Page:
CQUniversity Unit Profile
ENEX13003 Design of Mechatronics Elements
Design of Mechatronics Elements
All details in this unit profile for ENEX13003 have been officially approved by CQUniversity and represent a learning partnership between the University and you (our student).
The information will not be changed unless absolutely necessary and any change will be clearly indicated by an approved correction included in the profile.
General Information

Overview

This unit will introduce you to the fundamentals of mechatronics element design. You will learn the design principles and rules of fundamental mechanical elements, fundamental electromechanical elements, simple power transmission elements, and complex mechatronics systems. You will also learn solid modelling and selection of electromechanical sensors and actuators. In this unit, you must complete compulsory practical activities. Refer to the Engineering Undergraduate Course Moodle site for proposed dates.

Details

Career Level: Undergraduate
Unit Level: Level 3
Credit Points: 6
Student Contribution Band: 8
Fraction of Full-Time Student Load: 0.125

Pre-requisites or Co-requisites

Prerequisites: ENEG11005 Fundamentals of Professional Engineering and ENEM12010 Engineering Dynamics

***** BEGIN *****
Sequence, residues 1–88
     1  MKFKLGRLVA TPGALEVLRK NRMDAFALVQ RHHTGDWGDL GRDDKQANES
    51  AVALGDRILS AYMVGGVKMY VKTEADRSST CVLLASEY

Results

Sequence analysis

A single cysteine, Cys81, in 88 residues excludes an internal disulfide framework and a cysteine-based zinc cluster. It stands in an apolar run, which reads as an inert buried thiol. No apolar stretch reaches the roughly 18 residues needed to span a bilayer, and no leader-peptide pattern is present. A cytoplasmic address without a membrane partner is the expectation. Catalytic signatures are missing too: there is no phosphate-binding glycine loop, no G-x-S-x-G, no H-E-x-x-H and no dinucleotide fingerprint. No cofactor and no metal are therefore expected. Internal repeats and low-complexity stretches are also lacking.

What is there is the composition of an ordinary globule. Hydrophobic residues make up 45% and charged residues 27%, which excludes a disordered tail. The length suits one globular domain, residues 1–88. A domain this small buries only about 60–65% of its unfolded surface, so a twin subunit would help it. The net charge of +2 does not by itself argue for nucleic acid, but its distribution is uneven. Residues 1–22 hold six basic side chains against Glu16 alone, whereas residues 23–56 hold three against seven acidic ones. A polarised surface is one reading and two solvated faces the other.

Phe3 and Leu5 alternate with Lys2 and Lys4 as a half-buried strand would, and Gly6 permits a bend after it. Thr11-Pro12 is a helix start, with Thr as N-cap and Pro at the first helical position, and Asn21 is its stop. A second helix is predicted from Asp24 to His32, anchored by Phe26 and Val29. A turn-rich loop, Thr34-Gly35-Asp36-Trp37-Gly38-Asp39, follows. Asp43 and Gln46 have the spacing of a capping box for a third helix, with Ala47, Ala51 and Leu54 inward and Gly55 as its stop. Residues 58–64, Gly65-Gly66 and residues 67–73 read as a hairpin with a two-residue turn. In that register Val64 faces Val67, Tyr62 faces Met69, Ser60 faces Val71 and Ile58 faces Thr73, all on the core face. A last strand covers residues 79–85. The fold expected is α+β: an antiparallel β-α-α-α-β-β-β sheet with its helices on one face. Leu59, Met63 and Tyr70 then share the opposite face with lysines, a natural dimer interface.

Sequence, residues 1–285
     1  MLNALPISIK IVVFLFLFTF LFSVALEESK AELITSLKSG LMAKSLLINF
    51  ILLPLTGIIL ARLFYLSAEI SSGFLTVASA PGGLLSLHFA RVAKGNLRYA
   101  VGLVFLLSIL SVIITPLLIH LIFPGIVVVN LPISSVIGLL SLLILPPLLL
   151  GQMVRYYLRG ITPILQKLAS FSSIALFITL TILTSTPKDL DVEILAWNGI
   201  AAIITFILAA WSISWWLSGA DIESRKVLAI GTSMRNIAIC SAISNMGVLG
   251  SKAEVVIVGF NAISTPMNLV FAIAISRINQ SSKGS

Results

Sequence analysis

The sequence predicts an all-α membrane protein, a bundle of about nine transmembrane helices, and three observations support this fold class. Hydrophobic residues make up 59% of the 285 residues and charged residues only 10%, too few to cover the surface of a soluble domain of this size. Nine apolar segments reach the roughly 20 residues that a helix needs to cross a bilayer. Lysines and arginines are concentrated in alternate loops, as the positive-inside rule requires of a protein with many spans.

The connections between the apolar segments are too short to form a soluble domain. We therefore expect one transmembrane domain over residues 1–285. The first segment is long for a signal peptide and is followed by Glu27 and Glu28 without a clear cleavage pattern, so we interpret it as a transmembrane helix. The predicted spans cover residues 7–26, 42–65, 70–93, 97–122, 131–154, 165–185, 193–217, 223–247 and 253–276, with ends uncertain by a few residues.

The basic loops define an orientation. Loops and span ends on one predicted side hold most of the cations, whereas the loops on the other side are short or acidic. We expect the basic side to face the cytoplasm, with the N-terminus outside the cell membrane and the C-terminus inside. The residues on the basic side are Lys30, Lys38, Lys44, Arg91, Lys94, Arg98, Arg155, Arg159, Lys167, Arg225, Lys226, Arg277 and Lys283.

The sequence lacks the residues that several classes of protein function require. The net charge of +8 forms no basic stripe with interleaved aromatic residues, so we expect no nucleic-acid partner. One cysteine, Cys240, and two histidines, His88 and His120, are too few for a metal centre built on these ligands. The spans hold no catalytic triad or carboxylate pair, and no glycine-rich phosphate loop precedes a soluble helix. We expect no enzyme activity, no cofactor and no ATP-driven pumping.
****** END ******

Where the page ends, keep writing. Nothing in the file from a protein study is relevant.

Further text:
Important note: Students enrolled in a subsequent unit who failed their pre-requisite unit, should drop the subsequent unit before the census date or within 10 working days of Fail grade notification. Students who do not drop the unit in this timeframe cannot later drop the unit without academic and financial liability. See details in the Assessment Policy and Procedure (Higher Education Coursework).

Offerings For Term 2 - 2021

Mackay
Mixed Mode

Attendance Requirements

All on-campus students are expected to attend scheduled classes – in some units, these classes are identified as a mandatory (pass/fail) component and attendance is compulsory. International students, on a student visa, must maintain a full time study load and meet both attendance and academic progress requirements in each study period (satisfactory attendance for International students is defined as maintaining at least an 80% attendance record).

Class and Assessment Overview

Recommended Student Time Commitment

Each 6-credit Undergraduate unit at CQUniversity requires an overall time commitment of an average of 12.5 hours of study per week, making a total of 150 hours for the unit.

Class Timetable

Bundaberg, Cairns, Emerald, Gladstone, Mackay, Rockhampton, Townsville
Adelaide, Brisbane, Melbourne, Perth, Sydney

Assessment Overview

1. Written Assessment
Weighting: 20%
2. Electronic Focused Interactive Learning (eFIL)
Weighting: 30%
3. Take Home Exam
Weighting: 50%

Assessment Grading